Twin Cities METRO: Choose Your Own Adventure This Summer

Twin Cities METRO: Choose Your Own Adventure This Summer Twin Cities METRO CD Bryan Nanista sends us their take on the traditional "summer guide" package, done for 2010 in the form of our favorite major life decision-making tool, the Choose Your Own Adventure model. 

METRO magazine took the normal summer guide issue and created a "choose your own adventure" story book out of it. It is mainly a feature story that allows the reader to choose what they want to do, jumping all over the place, offering the service pieces as they go. The feature story also jumps outside of the feature well into the normal parts of the magazine. I think there are 24 some different endings and story lines.
Above, the feature opener; below are more spreads from the story:
So it may not be the greatest designed piece, but an organizational monster it is. I included a photo of the "story board," if you can call it that, that the edit team came up with and handed over to me to try and keep track of all the story lines:

The METRO creative team includes:
Edit: Chuck Terhark, Chris Clayton
Art direction: Bryan Nanista
Illustrations: Jacob Thomas

Hey! You've probably got some NEW WORK to share, and we want to see it! We'll welcome anything that's gone to the printer recently, something you're especially proud of and think might be inspiring to the membership and readers of Grids. We'll note the credits and the publication and shine a little light on the latest and greatest in publication design.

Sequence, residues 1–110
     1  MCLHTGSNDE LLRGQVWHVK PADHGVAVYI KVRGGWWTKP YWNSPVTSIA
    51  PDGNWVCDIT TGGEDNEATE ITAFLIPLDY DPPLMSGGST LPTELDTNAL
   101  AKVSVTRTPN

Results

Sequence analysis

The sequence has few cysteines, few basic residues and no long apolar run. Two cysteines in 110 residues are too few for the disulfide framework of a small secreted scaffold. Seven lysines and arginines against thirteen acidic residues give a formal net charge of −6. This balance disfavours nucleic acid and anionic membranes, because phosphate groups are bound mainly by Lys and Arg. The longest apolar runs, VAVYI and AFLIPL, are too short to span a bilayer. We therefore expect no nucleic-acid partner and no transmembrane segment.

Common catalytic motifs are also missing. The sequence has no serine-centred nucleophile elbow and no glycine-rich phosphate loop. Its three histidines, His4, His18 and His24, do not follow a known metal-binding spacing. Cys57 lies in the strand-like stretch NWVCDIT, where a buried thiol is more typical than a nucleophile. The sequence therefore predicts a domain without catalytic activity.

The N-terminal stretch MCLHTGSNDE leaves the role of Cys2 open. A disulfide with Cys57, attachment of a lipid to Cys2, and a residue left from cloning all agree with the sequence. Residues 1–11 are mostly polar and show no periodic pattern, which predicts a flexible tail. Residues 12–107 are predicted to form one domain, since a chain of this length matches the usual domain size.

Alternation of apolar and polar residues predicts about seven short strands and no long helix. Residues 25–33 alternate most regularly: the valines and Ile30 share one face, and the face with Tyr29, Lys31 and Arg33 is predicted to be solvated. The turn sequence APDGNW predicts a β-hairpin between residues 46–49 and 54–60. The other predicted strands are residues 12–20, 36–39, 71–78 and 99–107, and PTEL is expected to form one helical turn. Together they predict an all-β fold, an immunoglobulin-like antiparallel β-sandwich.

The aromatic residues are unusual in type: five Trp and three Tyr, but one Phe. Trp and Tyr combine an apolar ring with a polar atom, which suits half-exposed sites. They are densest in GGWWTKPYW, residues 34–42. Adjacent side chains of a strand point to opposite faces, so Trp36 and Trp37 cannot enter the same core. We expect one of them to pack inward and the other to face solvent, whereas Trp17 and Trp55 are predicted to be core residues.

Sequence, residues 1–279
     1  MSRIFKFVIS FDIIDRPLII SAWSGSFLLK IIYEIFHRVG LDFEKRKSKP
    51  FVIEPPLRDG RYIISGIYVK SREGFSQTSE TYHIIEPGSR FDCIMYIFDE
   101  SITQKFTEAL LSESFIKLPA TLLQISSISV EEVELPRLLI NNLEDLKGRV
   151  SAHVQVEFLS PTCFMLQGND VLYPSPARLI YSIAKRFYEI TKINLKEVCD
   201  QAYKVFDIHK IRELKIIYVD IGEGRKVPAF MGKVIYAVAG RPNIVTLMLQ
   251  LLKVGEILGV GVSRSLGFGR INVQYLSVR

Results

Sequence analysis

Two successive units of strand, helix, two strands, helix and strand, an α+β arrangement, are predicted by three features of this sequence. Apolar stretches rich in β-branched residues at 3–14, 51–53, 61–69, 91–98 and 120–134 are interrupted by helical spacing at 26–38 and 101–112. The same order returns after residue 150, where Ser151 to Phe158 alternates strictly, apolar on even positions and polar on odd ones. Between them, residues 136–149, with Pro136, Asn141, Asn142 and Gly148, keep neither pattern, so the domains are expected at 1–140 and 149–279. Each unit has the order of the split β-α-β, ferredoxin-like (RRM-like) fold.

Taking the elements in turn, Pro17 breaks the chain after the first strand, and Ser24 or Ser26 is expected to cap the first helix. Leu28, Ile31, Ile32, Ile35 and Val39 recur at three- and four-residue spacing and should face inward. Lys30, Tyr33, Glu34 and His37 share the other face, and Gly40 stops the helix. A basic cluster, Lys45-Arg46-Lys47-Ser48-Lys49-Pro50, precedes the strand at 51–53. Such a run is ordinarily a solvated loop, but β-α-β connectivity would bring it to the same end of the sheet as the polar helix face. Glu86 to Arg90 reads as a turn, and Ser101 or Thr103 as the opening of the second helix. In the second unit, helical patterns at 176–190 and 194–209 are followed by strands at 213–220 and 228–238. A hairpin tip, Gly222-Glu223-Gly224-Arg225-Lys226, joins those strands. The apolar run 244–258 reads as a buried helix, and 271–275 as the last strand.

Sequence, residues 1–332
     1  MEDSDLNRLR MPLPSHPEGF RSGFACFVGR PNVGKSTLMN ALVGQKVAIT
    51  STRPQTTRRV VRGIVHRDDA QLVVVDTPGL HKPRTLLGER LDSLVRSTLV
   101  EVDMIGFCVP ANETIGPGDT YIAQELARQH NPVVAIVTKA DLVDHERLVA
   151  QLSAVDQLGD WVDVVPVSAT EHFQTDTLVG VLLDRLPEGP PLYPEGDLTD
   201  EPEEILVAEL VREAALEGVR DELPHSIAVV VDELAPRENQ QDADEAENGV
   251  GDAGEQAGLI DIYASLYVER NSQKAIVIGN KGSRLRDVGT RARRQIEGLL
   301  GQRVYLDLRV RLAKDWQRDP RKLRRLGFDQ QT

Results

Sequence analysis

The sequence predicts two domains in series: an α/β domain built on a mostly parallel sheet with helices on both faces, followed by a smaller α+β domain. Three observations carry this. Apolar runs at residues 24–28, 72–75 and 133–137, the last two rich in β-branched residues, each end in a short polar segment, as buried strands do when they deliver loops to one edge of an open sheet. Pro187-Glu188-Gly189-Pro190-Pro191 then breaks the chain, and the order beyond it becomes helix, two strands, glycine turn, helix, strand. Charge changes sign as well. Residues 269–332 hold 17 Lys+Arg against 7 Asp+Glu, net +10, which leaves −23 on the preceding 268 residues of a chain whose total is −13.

Please reduce your layouts to no larger than 1200 pixels wide and don't forget to include all relevant credits and a little background (if you feel like). Send your submissions to and we'll post them as we get them.

The ABCs of XYZ
Complex with No Coverlines (Sort of)
SPIN Turns 25, Zips Up, Counts Down
Psychology Today Gets Serendipitous
Runner's World Takes on Bigfoot
American Cowboy Redesigns
SKI Magazine's Best of the Season
UCLA Goes Plush

  • Neil Jamieson

    This is great! LOVE seeing the sketch of how this idea was conceptualized. Such a great example of edit and art working (and most importantly communicating) together to come up with an original solution to a tricky problem: How to repackage an annual franchise. Ambitious and smart, way to go Bryan and his team!!

  • Kory Kennedy

    This is a lot of fun and a nice way to handle the annual Summer guide. But then, I'm a sucker for Choose Your Own Adventure anything and still have my collection of books from the '80s, neatly displayed on a bookshelf in chronological order...

  • Christian Jensen

    This was a difficult task for sure! Great job keeping the flow and organization. Its nice to to break the usual mold and add something a little different to the magazine experience. Keep up the good work

blog comments powered by Disqus